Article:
Submitted by liz on Wed, 2014-11-12 11:42
Culled from: Drury, John. Dining in Chicago, New York: The John Day Company, 1931, pp. 114-115.
Note: The Newberry Library holds the personal papers of author John Drury.
DEUTSCH'S, 28 North Dearborn Street
And now we come to Louie Deutsch, caterer of Jewish edibles to the Rialto. For over sixteen years, in his Dearborn Street restaurant and delicatessen store, Louie has been purveying most delectable dishes — chopped liver with schmaltz, spitz brust and sauerkraut, gefulte fish, schnitzel a la Holstein, steaks and chops, and toothsome pastries — to many an actor, actress, lawyer, judge, financier, clerk, and stenographer. And not only do Jewish people eat here, but gentiles from all parts of the Loop come to enjoy Louie's excellent cuisine.
Louie is our idea of the perfect restaurateur. He takes a personal interest in the whole establishment — counters, tables, kitchens, selection of foodstuffs, and upstairs dining room — and is always on hand to welcome a new customer or shake hands with an old one. You will like Louie if you should be fortunate enough to meet him — and it ought not to be hard.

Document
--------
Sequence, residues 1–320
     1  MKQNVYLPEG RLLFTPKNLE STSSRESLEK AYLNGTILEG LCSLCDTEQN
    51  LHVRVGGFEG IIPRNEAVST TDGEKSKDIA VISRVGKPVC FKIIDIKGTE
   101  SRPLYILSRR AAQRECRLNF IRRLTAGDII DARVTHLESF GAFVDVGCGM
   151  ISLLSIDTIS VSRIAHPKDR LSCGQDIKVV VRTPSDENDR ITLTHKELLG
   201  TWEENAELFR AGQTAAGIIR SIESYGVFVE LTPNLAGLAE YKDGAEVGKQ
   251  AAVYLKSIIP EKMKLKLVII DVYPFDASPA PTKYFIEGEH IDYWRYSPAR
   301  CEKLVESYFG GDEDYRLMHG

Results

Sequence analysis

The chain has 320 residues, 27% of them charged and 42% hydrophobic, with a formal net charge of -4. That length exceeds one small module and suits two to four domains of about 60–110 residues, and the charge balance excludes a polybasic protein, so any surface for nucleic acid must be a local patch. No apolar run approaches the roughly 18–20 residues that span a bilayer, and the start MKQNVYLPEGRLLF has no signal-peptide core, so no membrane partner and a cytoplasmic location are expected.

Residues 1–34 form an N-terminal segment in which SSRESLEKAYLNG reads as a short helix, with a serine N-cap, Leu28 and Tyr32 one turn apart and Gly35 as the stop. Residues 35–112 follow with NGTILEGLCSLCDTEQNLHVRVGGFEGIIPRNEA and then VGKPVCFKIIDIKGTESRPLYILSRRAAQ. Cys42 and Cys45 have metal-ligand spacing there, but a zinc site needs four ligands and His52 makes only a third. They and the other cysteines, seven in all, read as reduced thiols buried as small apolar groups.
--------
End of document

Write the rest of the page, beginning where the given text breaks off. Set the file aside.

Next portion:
Louie has lots and lots of old friends, both of high and low degree. Adolph Zukor, the movie magnate, always dines here when he is in town — and why shouldn't he, Louie being his brother-in-law. Another movie magnate, Jesse L. Lasky, partakes of Louie's board whenever he, too, passes through Chicago. And such well-known local movie theatre owners as Aaron Jones, Barney and Max Balaban, and Sam Lubliner, are frequent patrons. So also are General Milton J. Foreman, General Abel Davis, Paul Ash, Superior Court Judge Harry B. Miller, Attorney Sam Bachrach, and the great, baggy-trousered, Clarence D arrow. For good Jewish- American cooking try Deutsch's — and don't forget the pastries.
Maitre d'hotel: Louis Deutsch
1931 - 1931